By Hillel Aron
By Joseph Tsidulko
By Patrick Range McDonald
By David Futch
By Hillel Aron
By Dennis Romero
By Jill Stewart
By Dennis Romero
“We went door-to-door and found that people really felt they hadn’t had a chance to discuss this matter before the city approved it,” says George Franzen, the local ACLU leader. “People came here to live in a quiet resort. They don’t want towers, casinos and bright marquees.”
Now Franzen and the other local activists have poked a pole into the cage of the tribal tiger, which will certainly fight back this fall with, again, millions if necessary. The citizen activists, by contrast, have set themselves the modest goal of raising $70,000 to wage their coming ballot fight.
After the activist meeting, I go to have a coffee with 50-year-old Cleve Jones, who in 1985 conceived the AIDS-quilt project in San Francisco, and moved to Palm Springs in 1997 for health reasons (since our interview, Jones has taken up a job running L.A. Shanti in Hollywood). Jones, who can only be described as spitting mad at the Agua Caliente, believes the activists will win the referendum vote; he is convinced that they have tapped into a wellspring of resentment against the tribe.
Jones begins a spirited and deeply passionate monologue that I scramble to jot down. He tells of his own sense of betrayal by the Agua Caliente. In 1998, when Proposition 5, the measure that initially legalized Indian casinos, was on the ballot, Jones was part of the campaign staff.
“I was out there organizing the gay vote for the Indians,” he says. “It was all based on my boyhood memories from Michigan, where I saw the terrible poverty, the tarpaper shacks on the reservation. But this whole thing has made me terribly cynical. This Agua Caliente is what I call the Wal-Mart tribe . . . A lot of Californians voted for Prop. 5 for good reasons, not just for more gambling. They wanted to do the right thing for the tribes, it was heartfelt. Now, I think we were just plain naive. I see the Agua Caliente as a big corporation that has only 350 stockholders . . . The turning point for me was last year. I got into some discussions with union members and what pissedme off was the health-care issue. Look, I’ve had AIDS for 19 years, and when I see the millions of dollars the tribe is raking in while it’s bullying its workers to go on welfare to get their kids covered, it’s a little too much to take . . . Nationwide now, I think we are starting to see a backlash against aggressiveness by the tribes. This fight here looks like it’s going to be another Inglewood. Here’s another fat corporation that’s trying to ignore all the needs and rules of the local community. What we saw in Inglewood was that all of Wal-Mart’s millions, with all their arrogance, couldn’t satisfy the outrage of the community. So if the Agua Caliente want an Inglewood here, we’ll give ’em an Inglewood.”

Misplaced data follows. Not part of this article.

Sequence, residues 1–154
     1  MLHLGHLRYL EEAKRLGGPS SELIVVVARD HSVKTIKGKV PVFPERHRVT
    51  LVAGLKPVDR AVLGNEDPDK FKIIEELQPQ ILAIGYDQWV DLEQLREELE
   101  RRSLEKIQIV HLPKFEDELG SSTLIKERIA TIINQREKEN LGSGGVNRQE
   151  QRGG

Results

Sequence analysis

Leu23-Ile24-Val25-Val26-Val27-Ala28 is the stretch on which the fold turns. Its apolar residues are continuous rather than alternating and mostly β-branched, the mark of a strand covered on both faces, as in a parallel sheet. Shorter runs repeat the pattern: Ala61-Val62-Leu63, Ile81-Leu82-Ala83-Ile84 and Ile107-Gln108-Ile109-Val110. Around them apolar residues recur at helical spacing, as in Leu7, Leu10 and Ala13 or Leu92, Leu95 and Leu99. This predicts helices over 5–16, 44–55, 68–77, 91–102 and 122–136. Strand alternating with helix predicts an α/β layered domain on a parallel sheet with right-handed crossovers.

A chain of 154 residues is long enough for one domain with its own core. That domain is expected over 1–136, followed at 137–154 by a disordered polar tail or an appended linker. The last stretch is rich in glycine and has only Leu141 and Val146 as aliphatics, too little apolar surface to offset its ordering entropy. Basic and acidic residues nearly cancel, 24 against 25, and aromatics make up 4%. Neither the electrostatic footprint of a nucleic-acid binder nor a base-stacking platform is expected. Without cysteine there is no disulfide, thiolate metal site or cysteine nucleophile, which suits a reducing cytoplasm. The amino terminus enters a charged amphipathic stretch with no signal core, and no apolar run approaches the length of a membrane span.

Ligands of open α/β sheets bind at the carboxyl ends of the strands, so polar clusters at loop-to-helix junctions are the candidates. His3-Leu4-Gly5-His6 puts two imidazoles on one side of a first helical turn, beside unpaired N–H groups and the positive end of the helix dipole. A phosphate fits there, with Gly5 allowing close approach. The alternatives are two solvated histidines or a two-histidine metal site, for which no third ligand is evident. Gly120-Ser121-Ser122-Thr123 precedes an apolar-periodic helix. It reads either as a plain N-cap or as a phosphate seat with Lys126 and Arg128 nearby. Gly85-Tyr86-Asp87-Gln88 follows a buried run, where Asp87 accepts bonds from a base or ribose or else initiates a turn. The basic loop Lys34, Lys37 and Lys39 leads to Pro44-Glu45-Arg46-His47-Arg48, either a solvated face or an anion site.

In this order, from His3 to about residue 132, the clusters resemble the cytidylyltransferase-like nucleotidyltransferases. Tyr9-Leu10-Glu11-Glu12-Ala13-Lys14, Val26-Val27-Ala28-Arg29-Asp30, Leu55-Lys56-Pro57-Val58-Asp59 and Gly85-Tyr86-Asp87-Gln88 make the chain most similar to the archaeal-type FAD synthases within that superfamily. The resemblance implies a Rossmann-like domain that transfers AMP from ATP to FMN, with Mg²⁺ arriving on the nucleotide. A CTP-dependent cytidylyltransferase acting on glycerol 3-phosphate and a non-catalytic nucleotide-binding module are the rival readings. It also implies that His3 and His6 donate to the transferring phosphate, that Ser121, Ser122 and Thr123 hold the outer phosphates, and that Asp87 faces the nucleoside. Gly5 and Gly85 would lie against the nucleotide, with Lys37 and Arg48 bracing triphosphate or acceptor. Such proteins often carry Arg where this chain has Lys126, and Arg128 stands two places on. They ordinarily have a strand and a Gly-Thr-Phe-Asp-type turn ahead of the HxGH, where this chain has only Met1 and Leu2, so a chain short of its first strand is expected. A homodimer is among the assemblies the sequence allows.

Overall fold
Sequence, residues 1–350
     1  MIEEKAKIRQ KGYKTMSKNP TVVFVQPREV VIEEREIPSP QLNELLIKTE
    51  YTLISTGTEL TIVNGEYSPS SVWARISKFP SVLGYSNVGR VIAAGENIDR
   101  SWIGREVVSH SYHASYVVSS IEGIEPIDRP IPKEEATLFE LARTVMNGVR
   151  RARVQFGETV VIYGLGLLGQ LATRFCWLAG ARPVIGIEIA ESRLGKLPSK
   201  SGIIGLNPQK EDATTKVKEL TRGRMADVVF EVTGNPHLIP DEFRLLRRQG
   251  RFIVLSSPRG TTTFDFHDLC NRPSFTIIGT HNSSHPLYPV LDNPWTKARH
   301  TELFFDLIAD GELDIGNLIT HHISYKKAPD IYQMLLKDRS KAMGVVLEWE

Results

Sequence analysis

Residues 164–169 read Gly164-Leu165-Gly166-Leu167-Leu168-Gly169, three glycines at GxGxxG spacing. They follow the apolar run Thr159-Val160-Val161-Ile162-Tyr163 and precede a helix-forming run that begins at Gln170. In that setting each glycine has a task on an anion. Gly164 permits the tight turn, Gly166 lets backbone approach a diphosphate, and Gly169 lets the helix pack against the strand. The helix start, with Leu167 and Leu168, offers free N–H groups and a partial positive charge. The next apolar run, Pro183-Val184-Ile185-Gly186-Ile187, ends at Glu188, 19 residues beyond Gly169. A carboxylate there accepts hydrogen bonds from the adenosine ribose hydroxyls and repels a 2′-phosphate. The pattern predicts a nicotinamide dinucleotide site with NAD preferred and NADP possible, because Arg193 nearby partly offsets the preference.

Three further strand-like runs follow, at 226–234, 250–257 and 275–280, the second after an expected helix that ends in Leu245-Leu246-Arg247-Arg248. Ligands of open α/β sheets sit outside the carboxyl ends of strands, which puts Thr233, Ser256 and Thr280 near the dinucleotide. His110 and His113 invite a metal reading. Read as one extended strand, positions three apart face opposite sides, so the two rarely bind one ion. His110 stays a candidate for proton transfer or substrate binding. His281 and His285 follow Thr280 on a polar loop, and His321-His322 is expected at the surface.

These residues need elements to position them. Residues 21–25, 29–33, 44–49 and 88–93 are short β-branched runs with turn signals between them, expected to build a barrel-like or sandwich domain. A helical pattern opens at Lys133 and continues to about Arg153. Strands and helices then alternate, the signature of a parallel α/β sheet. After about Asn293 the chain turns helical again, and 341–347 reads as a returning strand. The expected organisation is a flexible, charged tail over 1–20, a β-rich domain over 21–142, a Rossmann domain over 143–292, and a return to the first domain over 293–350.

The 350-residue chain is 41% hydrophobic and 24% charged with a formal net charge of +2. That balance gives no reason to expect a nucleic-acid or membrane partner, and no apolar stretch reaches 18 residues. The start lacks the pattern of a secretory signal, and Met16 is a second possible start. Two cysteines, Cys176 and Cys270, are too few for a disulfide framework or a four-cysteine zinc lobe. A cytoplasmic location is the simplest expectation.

The next afternoon, I accompany the ACLU’s Franzen and a couple of other activists to the regularly scheduled Palm Springs City Council meeting. Cheryl Schmit has plans to speak during the public-comments portion, and when her two minutes are granted, she asks the recently elected council to reconsider its approval of the tribe’s plans for Section 14 and warns that if they don’t, Palm Springs could become the center of a statewide battle.
Mayor Ron Oden, derided by the activists as “Rubber-Stamp Ron,” blankly says, “Thank you,” and moves on to the next speaker. In his State of the City address last January, the mayor, a gay African-American, called the tribe’s opponents “masters of deception.”
It’s anybody’s guess how the vote will go in Palm Springs. There’s certainly no institutionalized resistance to the tribe’s expansion plans. Four of five of the council members are firm allies. The local newspaper also eschews bucking the tribe. And there isn’t exactly a battery of nonprofits and unions in town. For his part, the Agua Caliente tribe’s top planning officer predictably brushed aside any significance to Measure U’s qualifying for a vote. He told reporters that the referendum would have no effect on the development of Section 14. As far as the tribe is concerned, he said, “The only comment we have is, it’s business as usual.”
The state gambling battle exploded this week on TV stations up and down the coast, as the airwaves were saturated with an estimated $10 million in commercial spots for and against Propositions 68 and 70. As much as $75 million has been marshaled by the various dueling tribes and racetrack operators, enough to guarantee a noisy and potentially bloody fight all the way up to Election Day on November 2.
The pro-68 spots feature enraged suburbanites claiming they were snookered into supporting Indian gaming without knowing they were unleashing a greedy new industry. The anti-68 ads, financed by the Rumsey and other tribes, praise the new compacts reached with the governor. Then there are the pro–Prop. 70 ads, underwritten by the Agua Caliente and San Manuel tribes, that claim to offer Californians a better deal than the Schwarzenegger compacts (in spite of independent analyses that indicate otherwise).